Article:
David Rabinowitz

Partner

Contact Me

T(212) 554-7815

F(917) 206-4315

David Rabinowitz, Co-Chair of Moses & Singer's Litigation practice group, has been a partner with the firm since 1985.

Within a broad commercial litigation practice, David has focused in the substantive areas of financial industry litigation, including corporate trusts and letters of credit, trusts and estates, intellectual property, contracts and employment.

In the trusts and estates area, David has represented fiduciaries and beneficiaries in fiduciary accountings, will and trust construction and trust and estate administration. These have included representing large financial institutions in major Surrogate’s Court litigations including claims ranging up to $2 billion for mismanagement of trusts.  He has represented individuals and charitable institutions in disputes over dispositions from estates.  He has represented individuals in will contests, claims to restore allegedly alienated property to estates, and other claims against estates.  He has represented individuals as fiduciaries in claims of improper estate administration and claims to enforce dispositions under wills.

In the area of intellectual property, David has represented entertainment and media companies on matters concerning contracts and licenses, copyright, trademark and unfair competition, and right of publicity, defamation and related free speech issues.

David has represented both employers and employees in disputes concerning employment agreements, termination of employment and employment discrimination.

David represents clients in arbitrations and other alternative dispute resolution procedures as well as state and federal courts throughout the United States.

David has lectured and participated on panels before The Association of the Bar of the City of New York, the American Bar Association, the Practicing Law Institute, The Copyright Society of the U.S.A., the Licensing International Annual Convention and the Massachusetts Software Council. He has taught Copyright Law at Seton Hall Law School as an adjunct professor. He is a member and former trustee of The Copyright Society of the U.S.A. David has published articles which have appeared in Advertising Age, Entertainment Law Reporter, The Entertainment Publishing and the Arts Handbook, the Journal of The Copyright Society of the U.S.A. and Practical Lawyer. He has written a series of articles on Internet Law entitled "Web Site Story," which appeared in American Lawyer's Corporate Counsel magazine.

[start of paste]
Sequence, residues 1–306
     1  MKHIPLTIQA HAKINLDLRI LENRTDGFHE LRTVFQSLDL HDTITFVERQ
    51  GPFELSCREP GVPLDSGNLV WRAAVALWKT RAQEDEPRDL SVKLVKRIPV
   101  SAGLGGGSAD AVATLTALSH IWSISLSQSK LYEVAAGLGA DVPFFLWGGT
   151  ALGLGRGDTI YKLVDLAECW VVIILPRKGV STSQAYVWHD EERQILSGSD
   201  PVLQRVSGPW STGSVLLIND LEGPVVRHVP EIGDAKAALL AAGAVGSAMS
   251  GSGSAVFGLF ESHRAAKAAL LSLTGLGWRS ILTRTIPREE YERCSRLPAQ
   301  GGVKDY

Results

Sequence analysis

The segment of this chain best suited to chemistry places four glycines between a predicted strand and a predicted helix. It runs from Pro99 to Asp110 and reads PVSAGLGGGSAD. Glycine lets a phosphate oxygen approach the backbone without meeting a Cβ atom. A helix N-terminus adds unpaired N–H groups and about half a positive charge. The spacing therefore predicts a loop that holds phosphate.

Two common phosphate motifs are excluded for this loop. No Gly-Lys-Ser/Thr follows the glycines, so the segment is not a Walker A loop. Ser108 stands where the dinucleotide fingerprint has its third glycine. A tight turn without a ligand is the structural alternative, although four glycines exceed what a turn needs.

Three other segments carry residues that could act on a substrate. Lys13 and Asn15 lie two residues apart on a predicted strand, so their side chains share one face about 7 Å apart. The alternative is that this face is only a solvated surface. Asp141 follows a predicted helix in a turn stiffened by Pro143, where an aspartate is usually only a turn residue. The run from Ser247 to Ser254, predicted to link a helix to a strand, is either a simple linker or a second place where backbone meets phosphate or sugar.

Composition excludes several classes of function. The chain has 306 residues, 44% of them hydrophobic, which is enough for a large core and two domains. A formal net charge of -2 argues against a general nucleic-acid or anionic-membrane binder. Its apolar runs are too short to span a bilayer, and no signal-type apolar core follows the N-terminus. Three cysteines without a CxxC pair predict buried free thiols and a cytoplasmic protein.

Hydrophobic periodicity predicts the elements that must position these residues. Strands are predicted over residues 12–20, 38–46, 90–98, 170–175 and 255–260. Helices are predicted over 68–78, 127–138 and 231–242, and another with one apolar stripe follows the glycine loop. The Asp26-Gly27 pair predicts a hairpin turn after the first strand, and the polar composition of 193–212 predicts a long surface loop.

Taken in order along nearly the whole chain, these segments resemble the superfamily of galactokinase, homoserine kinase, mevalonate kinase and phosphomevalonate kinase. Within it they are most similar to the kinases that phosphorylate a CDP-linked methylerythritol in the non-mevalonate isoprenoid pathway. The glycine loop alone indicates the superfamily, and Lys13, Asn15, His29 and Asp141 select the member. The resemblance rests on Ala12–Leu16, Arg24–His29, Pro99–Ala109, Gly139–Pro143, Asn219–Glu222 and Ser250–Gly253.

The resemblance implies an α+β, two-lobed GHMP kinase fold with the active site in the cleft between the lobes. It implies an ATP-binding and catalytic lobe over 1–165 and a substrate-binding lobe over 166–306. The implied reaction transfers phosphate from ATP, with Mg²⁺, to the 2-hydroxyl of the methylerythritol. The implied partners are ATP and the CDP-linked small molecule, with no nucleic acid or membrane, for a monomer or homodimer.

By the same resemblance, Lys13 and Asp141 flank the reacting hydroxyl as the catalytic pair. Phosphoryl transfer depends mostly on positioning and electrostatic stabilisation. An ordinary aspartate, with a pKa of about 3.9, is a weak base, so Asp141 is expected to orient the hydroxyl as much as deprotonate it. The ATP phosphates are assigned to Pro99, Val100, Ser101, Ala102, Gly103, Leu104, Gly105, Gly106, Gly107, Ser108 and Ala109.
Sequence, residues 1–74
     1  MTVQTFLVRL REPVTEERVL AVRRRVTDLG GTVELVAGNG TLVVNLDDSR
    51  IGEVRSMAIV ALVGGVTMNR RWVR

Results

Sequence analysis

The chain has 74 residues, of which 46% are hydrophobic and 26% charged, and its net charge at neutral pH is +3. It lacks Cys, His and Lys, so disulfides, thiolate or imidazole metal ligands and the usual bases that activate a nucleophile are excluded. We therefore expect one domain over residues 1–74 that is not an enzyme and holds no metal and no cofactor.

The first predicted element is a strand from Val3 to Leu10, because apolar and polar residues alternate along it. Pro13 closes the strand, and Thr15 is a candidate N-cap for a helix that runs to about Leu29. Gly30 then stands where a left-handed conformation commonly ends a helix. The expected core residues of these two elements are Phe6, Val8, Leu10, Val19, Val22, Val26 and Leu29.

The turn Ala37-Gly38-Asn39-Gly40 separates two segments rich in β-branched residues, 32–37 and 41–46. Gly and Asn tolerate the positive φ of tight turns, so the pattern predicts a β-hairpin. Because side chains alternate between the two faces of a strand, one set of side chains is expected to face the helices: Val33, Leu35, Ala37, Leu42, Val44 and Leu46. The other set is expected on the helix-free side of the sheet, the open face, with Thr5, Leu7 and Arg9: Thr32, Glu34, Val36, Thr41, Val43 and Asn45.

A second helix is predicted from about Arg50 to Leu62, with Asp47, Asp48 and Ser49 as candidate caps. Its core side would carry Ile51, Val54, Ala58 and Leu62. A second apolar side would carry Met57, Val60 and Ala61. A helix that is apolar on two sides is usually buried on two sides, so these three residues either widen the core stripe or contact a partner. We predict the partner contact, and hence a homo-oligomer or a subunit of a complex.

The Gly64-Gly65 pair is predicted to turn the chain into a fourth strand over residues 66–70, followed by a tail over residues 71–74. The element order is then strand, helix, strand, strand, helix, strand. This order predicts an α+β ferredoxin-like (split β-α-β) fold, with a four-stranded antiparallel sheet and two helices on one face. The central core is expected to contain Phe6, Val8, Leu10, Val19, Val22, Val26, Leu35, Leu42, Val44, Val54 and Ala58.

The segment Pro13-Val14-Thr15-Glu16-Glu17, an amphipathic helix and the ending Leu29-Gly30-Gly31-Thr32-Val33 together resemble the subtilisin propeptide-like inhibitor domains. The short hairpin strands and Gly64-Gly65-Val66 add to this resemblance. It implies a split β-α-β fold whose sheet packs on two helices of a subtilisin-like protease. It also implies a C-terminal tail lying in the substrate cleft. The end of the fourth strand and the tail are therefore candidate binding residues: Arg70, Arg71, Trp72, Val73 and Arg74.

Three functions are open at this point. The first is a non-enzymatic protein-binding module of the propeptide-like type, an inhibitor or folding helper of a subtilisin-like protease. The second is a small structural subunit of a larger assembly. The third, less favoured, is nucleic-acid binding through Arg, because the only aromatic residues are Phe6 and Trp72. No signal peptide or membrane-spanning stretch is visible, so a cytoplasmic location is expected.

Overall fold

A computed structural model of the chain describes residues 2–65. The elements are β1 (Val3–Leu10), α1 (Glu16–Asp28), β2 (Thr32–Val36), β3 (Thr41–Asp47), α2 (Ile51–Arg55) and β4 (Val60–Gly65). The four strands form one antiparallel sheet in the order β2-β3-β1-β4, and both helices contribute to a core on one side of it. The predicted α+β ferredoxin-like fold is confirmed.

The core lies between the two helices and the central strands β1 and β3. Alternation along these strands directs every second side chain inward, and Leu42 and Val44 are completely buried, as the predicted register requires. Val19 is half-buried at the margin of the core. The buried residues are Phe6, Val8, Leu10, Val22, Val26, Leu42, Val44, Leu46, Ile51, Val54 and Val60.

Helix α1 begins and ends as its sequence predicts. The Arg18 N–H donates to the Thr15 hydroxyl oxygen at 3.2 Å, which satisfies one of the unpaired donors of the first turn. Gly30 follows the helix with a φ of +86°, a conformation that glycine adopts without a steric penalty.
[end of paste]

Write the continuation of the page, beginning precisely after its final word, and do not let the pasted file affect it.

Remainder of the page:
David is recognized as a New York Metro Superlawyer. He is an AV® Preeminent™ Rated lawyer and one of New York's Top Rated Lawyers in his field according to Martindale-Hubbell.

Presentations [View All]
  • Panelist, “Supersedeas LCs: An Explanation Through Dramatization.”  Letter of Credit Summit, October 2015
  • "Ethics for the Negotiating Lawyer," Practising Law Institute, January 2014
  • "Show Me the Money: The Essentials of Valuation of Copyrights in Transactions and Litigation" The Copyright Society of the U.S.A., New York Chapter, 2014
  • "Negotiation Ethics," The Copyright Society of the U.S.A., New York Chapter, 2012
  • "Negotiating...Ethically," Moses & Singer In-House Counsel CLE Program, 2012
  • "Ethics in Negotiations," WebCredenza Professional Education Broadcast Network Live Teleseminar, 2010
  • "Ethical Considerations In Licensing," Practising Law Institute, Advanced Licensing Agreements, 2007-2011